I had one hundred and twenty-nine days.
I barely even thought about, but every day I kept the streak going and I was pretty proud of myself. I mean, that’s over four months! But then one day life (work, school, socialization, exercise, the blog, sleep, etc.) must have just gotten in the way and the next thing I knew, I saw this message:
Okay, missing a day of Duolingo (learn languages for free!) is kind of a silly example, but who hasn’t been really committed to something new at one point or another? Maybe you got really into blogging and social media or you took up marathon running. Maybe you made jewelry or started a daily meditation practice. Whatever that new activity, you were probably really into it for the first few weeks or months. That may have been all you talked about or all you did in your free time.
But then our interests change. Or we become busier at work or with relationships. Before we know it, that activity we had been so into doesn’t take priority in our lives any longer. It may even become a chore to keep doing it just for the sake of doing it every day. So we make a choice. If it’s something we truly enjoy, we can find a way to incorporate it into our lives, but if it no longer interests us or is no longer fun, we try something new.
Well, that’s cool, but now let’s imagine you didn’t break your streak at Duolingo or meditation or running. Imagine you had 129 days sober/clean/behavior or symptom free, and now you’re facing starting over at day one.
What now?! First of all, lapses in recovery happen. They happen at 3 days in, or at 300 days in. And each time you’re going to have to make a conscious choice to start over.
Here’s 5 ways to help move on after a lapse in recovery:
1. Today is Day One
Don’t wait until tomorrow morning to start over. If keeping track of your days behavior free motivates you, start with day one the moment after the behavior. By committing to starting again, you’re already letting yourself know this lapse is not the end of your hard work in recovery. Just because you’re re-setting your days back to one, it doesn’t mean you’re not going to reach and surpass your previous behavior free day total.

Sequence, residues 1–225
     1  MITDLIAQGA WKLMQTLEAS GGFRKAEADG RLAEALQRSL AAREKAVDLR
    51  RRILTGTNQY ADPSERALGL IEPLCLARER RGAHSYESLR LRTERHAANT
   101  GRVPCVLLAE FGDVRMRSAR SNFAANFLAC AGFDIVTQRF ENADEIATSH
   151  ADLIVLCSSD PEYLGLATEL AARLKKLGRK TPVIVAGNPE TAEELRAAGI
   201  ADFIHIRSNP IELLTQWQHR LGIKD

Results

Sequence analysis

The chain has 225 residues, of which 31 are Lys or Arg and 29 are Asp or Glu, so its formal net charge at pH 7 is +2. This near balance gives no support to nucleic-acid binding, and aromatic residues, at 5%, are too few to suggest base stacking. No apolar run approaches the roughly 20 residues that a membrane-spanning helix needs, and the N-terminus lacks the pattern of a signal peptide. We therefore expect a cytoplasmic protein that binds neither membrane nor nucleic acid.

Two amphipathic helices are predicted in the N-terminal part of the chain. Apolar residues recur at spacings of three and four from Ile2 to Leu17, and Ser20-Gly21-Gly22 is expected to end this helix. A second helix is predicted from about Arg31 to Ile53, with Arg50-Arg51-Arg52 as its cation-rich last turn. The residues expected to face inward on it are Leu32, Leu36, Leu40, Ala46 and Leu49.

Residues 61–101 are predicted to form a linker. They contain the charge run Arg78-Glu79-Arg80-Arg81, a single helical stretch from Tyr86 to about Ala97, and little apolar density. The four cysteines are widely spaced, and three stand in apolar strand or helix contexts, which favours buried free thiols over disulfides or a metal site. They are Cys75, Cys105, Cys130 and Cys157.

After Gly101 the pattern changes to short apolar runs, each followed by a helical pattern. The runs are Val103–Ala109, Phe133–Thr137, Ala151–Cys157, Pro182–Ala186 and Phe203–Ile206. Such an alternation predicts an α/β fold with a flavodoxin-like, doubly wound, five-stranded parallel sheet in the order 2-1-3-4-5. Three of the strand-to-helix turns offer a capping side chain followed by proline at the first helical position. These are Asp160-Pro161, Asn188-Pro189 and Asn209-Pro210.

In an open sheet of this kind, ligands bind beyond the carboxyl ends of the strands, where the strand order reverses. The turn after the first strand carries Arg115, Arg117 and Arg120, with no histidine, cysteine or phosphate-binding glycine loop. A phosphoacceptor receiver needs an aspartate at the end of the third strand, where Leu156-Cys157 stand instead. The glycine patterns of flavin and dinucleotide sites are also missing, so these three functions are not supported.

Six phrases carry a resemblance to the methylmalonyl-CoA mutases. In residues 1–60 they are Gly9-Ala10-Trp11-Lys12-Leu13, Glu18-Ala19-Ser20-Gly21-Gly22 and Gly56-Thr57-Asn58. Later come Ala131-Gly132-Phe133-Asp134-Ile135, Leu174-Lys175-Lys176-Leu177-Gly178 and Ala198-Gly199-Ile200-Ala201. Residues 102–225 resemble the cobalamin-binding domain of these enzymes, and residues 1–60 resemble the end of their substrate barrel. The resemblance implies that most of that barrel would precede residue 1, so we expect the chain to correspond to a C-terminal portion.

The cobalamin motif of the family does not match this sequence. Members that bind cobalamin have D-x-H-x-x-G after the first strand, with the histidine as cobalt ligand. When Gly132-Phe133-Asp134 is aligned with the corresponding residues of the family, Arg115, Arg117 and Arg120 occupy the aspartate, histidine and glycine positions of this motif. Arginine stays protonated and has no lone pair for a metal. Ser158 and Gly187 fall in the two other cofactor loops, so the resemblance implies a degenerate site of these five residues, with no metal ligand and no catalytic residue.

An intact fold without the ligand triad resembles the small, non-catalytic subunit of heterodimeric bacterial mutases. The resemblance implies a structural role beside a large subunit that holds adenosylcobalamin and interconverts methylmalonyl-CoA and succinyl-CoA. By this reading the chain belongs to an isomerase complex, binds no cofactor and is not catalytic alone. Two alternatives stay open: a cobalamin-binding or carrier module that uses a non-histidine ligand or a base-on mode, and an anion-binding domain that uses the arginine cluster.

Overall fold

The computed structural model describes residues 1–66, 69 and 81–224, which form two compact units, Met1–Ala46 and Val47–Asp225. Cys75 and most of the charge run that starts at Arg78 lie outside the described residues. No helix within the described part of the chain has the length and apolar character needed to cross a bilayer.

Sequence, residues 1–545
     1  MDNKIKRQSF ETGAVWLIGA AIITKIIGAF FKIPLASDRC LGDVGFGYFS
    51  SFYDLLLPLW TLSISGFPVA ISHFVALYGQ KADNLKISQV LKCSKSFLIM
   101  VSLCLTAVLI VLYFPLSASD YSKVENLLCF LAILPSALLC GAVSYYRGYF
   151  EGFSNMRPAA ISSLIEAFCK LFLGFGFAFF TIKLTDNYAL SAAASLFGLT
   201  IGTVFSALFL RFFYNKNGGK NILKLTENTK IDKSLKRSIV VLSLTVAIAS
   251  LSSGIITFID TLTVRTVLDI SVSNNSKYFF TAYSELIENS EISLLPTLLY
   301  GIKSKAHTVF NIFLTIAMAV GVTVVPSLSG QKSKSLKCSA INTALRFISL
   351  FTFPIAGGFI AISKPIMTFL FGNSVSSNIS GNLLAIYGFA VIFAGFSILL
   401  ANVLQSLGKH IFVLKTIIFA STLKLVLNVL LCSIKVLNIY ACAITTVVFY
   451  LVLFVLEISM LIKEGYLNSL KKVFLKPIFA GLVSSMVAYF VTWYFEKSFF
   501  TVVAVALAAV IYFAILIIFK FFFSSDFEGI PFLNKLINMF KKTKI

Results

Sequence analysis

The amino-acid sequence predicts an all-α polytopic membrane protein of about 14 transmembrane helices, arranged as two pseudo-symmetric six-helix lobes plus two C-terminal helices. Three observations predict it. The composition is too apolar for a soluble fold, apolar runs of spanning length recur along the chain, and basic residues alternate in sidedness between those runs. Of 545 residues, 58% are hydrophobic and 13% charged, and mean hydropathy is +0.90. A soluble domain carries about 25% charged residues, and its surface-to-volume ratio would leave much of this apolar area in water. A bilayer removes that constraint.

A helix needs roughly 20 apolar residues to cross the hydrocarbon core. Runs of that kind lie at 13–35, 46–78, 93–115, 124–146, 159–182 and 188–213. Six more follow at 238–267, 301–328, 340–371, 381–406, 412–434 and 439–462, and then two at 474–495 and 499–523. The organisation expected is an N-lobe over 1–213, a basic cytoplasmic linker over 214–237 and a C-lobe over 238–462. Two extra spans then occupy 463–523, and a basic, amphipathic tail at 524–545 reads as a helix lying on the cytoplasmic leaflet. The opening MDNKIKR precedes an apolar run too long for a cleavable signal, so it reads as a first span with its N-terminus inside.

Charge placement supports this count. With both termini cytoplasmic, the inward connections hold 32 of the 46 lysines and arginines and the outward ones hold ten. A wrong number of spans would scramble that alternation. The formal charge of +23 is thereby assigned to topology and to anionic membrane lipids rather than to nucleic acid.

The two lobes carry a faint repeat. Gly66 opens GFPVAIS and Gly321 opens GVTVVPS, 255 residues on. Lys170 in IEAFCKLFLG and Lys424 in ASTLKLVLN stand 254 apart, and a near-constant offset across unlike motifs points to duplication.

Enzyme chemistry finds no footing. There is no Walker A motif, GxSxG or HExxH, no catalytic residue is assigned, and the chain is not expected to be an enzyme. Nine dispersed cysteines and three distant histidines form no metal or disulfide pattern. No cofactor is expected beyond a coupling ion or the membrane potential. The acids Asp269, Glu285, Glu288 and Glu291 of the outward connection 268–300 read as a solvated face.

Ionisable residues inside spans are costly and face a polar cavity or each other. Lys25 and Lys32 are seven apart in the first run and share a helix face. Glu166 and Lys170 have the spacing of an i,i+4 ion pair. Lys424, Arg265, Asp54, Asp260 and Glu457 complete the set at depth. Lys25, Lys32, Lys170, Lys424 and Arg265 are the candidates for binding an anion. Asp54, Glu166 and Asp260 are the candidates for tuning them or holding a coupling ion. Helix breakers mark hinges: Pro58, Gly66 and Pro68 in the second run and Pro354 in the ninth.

Remind yourself why you chose recovery in the first place. What keeps you going? Perhaps make a pro and con list of recovery.
2. Don’t Eat the Whole Cake
Imagine you’re on a diet (but why would you torture yourself with something that isn’t sustainable and doesn’t work??) and you just ate a piece of cake you swore you wouldn’t eat. Do you go ahead and just eat the other 8 slices of cake since you “already messed up your diet”? Or, perhaps you accept that the cake was delicious or made you feel good in the moment, acknowledge your behavior, and move on to the next activity, knowing that tomorrow you’re not about to have more cake.
3. Ask for Support
As normal is it is to experience a lapse in recovery, most people don’t understand how challenging it is to maintain your recovery day after day. Reach out to people who understand what you’re going through. Whether that’s your therapist, dietitian, support group, sponsor, trusted friend/family member, or doctor, don’t try to do it all on your own.
And if no one is available to you exactly when you need them, treat yourself with the same compassion you would a friend who is going through the same situation. What would you tell your friend to do? Would you ever accept his/her decision to give up?
4. Analyze, Don’t Criticize (Alternatively: Be Curious, Not Furious)
Start thinking about what led to your lapse. Did your binge start because you restricted all day? Were you with your friends who are still using and the temptation was literally staring you in the face? Was looking at pictures of you with your ex-girl/boyfriend upsetting?
Behaviors can absolutely “just happen” when you’re early on in recovery because our behaviors have become a habit. But once it’s no longer a habit, there’s always another reason for the behavior. It helps to follow the previous step and reach out to that support person who may have more insight into why the behavior happened.
5. Update Your Relapse Prevention Plan
I’m assuming you already have a relapse prevention plan in place, because that should have been one of the first things you worked on in treatment. Now that you’ve experienced a lapse (your first or the 21st), you’re able to revise the plan in ways that work best for you.
You’ve already followed the previous step and you know what led to your lapse. Now, imagine the same scenario and think about what you could have done differently in the moment. In addition, think about how you could have avoided that scenario in the first place.
When you begin to see your lapse as a learning experience and an experience to help you strengthen your recovery, you may not be as afraid of relapse. Because relapse doesn’t just happen. Relapse is often the result of many lapses that are not used as learning experiences. And that may just mean you’re in need of more help and assistance, and that’s perfectly okay, too.